If you have been to the Marcus Jewish Community Center of Atlanta lately, you may have noticed the tall, white menorah standing at its entrance. That menorah was created by Dunwoody native and 18-year-old Adam Arno as his Eagle Scout project. This will be the second year that it stands at the entrance to the community center.
Adam worked with Rick Murphy, the facilities director at the MJCCA, and learned that they needed a new menorah. Murphy said that the current one was getting old and could use a replacement. So Adam got to work building a new one.
The menorah is 6-by-8 feet and made from painted white wood. The candles are made from stair spindles, and at the top of each candle is an LED bulb that looks like a flame. A wire runs down the middle of each candle, and a box at the back of the menorah controls the lights with a switch for each candle. A mason jar encases each candle to protect it from the elements.
“He went through many different lightbulbs because he wanted to make sure it had the right flicker,” said Sheryl Arno, Adam’s mother.
Becoming an Eagle Scout is a huge accomplishment and takes years of work. Just getting to the point where you can become an Eagle Scout takes hiking 150 miles, camping out 79 nights, and a host of other requirements. The scout must plan, execute, design, and manage every aspect of the project from start to finish, and the final product must be beneficial to the community in some way.
“Many people decide to do benches, but I wanted to do something a little bit closer to home,” Adam said. “I wanted to do something that was meaningful to me, and that could also help the community.”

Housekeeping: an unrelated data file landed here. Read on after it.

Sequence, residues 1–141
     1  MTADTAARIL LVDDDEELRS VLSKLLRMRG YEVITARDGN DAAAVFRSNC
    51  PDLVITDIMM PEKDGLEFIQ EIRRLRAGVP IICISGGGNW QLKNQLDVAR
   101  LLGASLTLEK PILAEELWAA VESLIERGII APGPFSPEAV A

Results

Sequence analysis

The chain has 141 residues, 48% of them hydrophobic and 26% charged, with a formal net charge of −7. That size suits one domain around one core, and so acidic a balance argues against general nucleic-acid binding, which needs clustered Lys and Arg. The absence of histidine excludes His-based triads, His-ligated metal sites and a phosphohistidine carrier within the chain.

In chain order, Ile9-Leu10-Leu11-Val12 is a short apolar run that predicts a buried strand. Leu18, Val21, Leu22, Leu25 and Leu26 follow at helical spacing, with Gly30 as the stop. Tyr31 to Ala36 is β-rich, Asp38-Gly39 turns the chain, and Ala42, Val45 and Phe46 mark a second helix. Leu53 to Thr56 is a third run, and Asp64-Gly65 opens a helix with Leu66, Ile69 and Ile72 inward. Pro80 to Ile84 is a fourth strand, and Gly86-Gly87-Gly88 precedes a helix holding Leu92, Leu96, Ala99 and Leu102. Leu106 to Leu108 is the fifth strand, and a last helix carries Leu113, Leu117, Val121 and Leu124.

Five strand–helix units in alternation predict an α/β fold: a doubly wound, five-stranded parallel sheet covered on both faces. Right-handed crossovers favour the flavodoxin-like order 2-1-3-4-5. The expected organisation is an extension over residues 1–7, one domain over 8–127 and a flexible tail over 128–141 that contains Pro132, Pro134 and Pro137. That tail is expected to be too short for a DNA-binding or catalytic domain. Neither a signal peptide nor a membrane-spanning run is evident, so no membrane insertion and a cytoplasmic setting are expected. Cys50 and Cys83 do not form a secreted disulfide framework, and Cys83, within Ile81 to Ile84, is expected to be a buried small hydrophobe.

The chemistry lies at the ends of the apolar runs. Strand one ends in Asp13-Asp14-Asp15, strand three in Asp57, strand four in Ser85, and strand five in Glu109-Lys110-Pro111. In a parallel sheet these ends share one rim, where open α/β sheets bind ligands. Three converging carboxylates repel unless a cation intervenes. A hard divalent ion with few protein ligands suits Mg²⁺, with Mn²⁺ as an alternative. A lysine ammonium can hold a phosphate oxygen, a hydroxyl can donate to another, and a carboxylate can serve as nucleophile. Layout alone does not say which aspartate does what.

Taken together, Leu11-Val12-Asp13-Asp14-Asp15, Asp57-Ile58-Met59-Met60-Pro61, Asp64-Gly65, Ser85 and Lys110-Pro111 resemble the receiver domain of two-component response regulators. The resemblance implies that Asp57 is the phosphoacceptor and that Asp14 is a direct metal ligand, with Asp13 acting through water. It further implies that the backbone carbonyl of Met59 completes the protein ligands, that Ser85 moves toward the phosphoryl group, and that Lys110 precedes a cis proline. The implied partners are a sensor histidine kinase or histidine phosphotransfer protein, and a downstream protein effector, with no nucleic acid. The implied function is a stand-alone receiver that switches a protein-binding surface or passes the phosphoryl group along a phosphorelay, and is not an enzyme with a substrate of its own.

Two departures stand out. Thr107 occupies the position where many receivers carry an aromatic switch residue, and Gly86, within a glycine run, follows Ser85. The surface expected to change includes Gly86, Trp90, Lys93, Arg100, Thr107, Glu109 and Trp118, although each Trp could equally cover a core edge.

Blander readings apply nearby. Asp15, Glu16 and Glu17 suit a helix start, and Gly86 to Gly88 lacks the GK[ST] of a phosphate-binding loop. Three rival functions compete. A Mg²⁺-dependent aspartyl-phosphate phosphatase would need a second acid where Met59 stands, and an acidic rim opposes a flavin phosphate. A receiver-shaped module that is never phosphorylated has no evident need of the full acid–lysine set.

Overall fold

When speaking on why he decided to build a menorah, Adam recalls Chanukah growing up, which was always very important and festive to his family. It began with another big menorah, built by a family friend.
Family friend and neighbor, a woodworker whom Adam fondly calls “Uncle Jeff,” built the family a menorah of the same size as the JCC one for the front of their house 20 years ago. Since then, they have become the “Chanukah House” of Dunwoody. Before COVID-19, the family hosted parties every Chanukah that sometimes had up to 200 people. Sheryl says that “lines of cars” would come around every year to look at the menorah.
Adam, who is a part of Boy Scout Troop 764, says that being a part of Boy Scouts helped him grow as a leader and as a person. He has served as an assistant patrol leader and helped with a lot of “behind the scenes” leadership such as planning and executing fundraisers for the troop.
Adam decided to build the menorah for the JCC because of the impact the agency had on his childhood. He calls it his “Jewish home,” starting at Camp Isidore Alterman 15 years ago.
Due to having ADHD, Adam needed a little extra help adjusting to camp and maneuvering around. Sheryl helped pioneer the inclusion program at the camp with the help of a Clay Aiken grant. The program included Adam and about six others and helped children who needed a little extra attention during camp.
The inclusion program helped Adam transition over the next three years and slowly weened him off extra assistance to where he could navigate camp on his own.
After the transition, Adam was able to attend Camp Barney Medintz without any assistance. Camp Barney became instrumental in his Jewish upbringing; he spent seven summers at camp, and even had his bar mitzvah at camp during the summer. Since then, his involvement in the Jewish community has flourished, and he is an active member of BBYO.
“The JCC helped shape my Judaism and who I am as a person,” Adam said. “It also helped me learn and grow as a leader.”
A senior at Dunwoody High School, he plans to major in Organizational Psychology, a branch of psychology often used by businesses to help with teambuilding and working together as groups in an organization.